Lakshmi Bai : Warrior Queen of Jhansi

Posted August 12, 2013 by admin in Historical Figures

1857 saw one of the bloodiest revolutions in world history as hundreds of thousands perished as India bid for freedom and the greatest empire in the world tottered for a fall.

Racial prejudices and brutality exposed itself at its worst as Indians were subjected to the worst forms of apartheid in their own country with the increasing hold of the British over the political structure of India backed by its native Indian army.  Everything was set for an explosion.

And matters exploded in 1857 memorably by the first martyr for Indian freedom, Mangal Pandey. Soon Northern India was on fire as the British and their troops scurried for cover as the name of dharma and justice rang through the land.

Central in this struggle was a young widow, Lakshmi bai of Jhansi (19 November 1828 – 18 June 1858). At birth she was named Manu. The young Manu, unfortunately she lost her mother when she was only four. The entire duty of bringing up the daughter fell on her father. Along with formal education she acquired the skill in sword fighting, horse riding and shooting. Manu later became the wife of Gangadhar Rao, Maharaaj of Jhansi, in 1842. From then on she was known as Maharani Lakshmi Bai of Jhansi.

In 1851 Maharani Lakshmi Bai bore a son but her fate was cruel and she lost her child within three months. Her husband, the Maharajah of Jhansi passed away on the 21st November 1853. Although prior to this the Maharaja and Maharani adopted a boy the British government claimed they did not recognise the right of the adopted boy. Thus they tried to buy off the Rani however she stated:

“No, impossible! I shall not surrender my Jhansi!”

It did not take her long to realise how difficult it was for the small state of Jhansi to oppose the British when even the Peshwas and Kings of Delhi had bowed down to the British Demands. The Rani’s battle now was against the British who had cunningly taken her kingdom from her.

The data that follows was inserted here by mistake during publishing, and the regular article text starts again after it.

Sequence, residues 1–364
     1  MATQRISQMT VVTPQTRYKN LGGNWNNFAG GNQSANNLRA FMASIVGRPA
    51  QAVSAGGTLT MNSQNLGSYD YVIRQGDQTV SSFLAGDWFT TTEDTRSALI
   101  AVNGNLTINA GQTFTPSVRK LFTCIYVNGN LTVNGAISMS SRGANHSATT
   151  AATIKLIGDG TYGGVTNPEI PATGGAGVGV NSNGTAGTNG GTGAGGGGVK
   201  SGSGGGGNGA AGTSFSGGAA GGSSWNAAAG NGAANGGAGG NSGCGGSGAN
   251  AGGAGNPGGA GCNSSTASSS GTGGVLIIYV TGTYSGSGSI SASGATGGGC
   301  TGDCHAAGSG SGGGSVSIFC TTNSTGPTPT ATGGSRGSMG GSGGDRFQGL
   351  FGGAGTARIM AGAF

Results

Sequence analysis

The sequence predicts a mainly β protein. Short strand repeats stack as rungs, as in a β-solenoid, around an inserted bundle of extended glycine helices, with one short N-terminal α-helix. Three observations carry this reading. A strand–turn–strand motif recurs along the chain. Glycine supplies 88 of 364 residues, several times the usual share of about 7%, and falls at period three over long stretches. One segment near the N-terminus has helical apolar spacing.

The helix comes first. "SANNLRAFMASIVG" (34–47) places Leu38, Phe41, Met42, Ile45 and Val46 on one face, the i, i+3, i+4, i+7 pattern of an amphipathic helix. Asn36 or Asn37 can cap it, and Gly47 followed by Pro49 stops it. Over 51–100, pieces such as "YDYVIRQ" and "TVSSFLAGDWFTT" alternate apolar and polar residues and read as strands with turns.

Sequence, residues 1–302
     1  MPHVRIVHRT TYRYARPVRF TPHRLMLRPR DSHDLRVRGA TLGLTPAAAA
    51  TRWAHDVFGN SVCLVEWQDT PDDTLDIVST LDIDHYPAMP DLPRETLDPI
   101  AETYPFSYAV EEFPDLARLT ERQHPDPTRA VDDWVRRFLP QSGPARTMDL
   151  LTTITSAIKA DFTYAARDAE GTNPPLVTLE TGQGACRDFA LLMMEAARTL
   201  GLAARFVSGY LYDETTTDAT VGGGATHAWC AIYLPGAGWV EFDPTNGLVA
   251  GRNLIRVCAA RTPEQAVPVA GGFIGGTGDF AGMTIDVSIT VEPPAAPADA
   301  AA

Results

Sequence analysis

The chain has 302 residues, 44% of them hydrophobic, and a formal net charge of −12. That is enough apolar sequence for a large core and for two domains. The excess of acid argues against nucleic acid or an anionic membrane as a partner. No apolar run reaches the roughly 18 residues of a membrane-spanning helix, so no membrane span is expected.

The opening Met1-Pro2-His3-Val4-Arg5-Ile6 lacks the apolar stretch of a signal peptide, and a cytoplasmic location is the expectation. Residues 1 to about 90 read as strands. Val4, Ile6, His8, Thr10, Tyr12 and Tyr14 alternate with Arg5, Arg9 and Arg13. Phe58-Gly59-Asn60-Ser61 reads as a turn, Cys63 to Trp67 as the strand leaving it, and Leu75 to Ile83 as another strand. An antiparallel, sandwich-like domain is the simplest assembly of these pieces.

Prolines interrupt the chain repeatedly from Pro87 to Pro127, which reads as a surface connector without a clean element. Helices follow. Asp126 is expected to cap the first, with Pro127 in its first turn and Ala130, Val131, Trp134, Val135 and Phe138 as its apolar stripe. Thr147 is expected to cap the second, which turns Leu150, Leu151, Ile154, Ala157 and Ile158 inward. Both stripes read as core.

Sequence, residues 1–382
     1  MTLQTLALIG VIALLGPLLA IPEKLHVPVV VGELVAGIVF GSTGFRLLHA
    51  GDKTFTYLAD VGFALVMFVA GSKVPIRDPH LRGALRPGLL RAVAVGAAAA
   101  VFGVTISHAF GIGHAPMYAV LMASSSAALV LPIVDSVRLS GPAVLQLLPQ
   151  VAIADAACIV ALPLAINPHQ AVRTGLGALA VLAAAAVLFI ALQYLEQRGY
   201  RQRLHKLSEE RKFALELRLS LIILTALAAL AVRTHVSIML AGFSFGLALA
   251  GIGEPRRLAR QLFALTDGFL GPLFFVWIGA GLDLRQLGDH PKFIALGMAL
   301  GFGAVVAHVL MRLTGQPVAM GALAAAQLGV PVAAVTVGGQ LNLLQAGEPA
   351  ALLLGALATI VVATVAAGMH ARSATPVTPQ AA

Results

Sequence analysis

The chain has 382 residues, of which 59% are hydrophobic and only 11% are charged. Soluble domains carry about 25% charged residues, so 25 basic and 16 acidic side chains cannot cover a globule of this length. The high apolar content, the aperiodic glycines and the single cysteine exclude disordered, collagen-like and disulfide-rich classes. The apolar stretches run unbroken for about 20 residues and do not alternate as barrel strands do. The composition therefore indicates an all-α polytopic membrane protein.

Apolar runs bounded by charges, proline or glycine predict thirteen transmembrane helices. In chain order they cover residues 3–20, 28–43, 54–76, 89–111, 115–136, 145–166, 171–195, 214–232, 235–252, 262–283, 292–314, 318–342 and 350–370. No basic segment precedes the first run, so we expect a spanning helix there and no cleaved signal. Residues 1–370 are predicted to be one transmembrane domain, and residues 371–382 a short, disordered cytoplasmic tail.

After the British took over her government her daily routine changed. Every morning from 4am to 8am were set apart for bathing, worship, meditation and prayer. From 8am to 11am she would go out for a horse ride, practise shooting, and practice swordmanship and shooting with the reins held on her teeth. Thereafter she would bathe again, feed the hungry, give alms to the poor and then have food; then rested for a while.

After that she would chant the Ramanyan. She would then exercise lightly in the evening. Later she would go through some religious books and hear religious sermons. Then she worshipped her chosen deity and had supper. All things were done methodically, according to her strict timetable. Such a dedicated and devoted women!

1When the fires of freedom were spreading the Rani had no hesitation in throwing her lot in with the freedom fighters. Her brave and steady character with her son Damodar Rao was strapped tightly to her back going onto the battlefield earned her the respect of the other fighters such as Tatya Tope, Kunwar Singh, Amar Singh , Peshwa Nana Saheb and others.

She maintained a determined and gritty struggle for over a year  as the leaderless revolutionaries fought desperately in small groups and pockets all over north India facing the reinforced British and their Indian lackeys.

The tide of war washed over the subcontinent as the British were everywhere uprooted and the Indians bid to reverse the inequities thrust upon them. However without trained leadership and fighting independently from each other, united by nothing more than a desire to be free they were subdued one by one.

Despite the turning of the tide she scored some notable victories over British troops earning even the grudging respect of the British in this brutal race war.

All these disciplined and training patterns came in use during the Indian war of Independence in 1857. Many lives were lost and innocence people killed. Although India  did not gain independence the Rani did win back Jhansi and created the state to its former glory having a full treasury and army of women matching the army of men.Finally, in  1858 with the rebel leaders either killed in action or hanged Sir Hugh Rose attacked Jhansi  . The next day’s battle was the Rani’s last.

Her death was heroic, her army had declined as they were out numbered by the opposition. The British Army had encircled her and her men. There was no escape blood was flowing, darkness was approaching. The British army was pursuing her. Holding the reins of her horse in her mouth and wielding a sword in either hand she made a last attack on the British After a great struggle the Rani died muttering quotes from the Bhagvad Gita. She died as she had lived. –

A martyr to freedom, for dharma and independent womanhood. She was the very embodiment of the War Goddess Kali. Her name remains as a beacon for Dharma

MORE : Video : Maharani Lakshmi Bai’s birth place lies in neglect


The following two tabs change content below.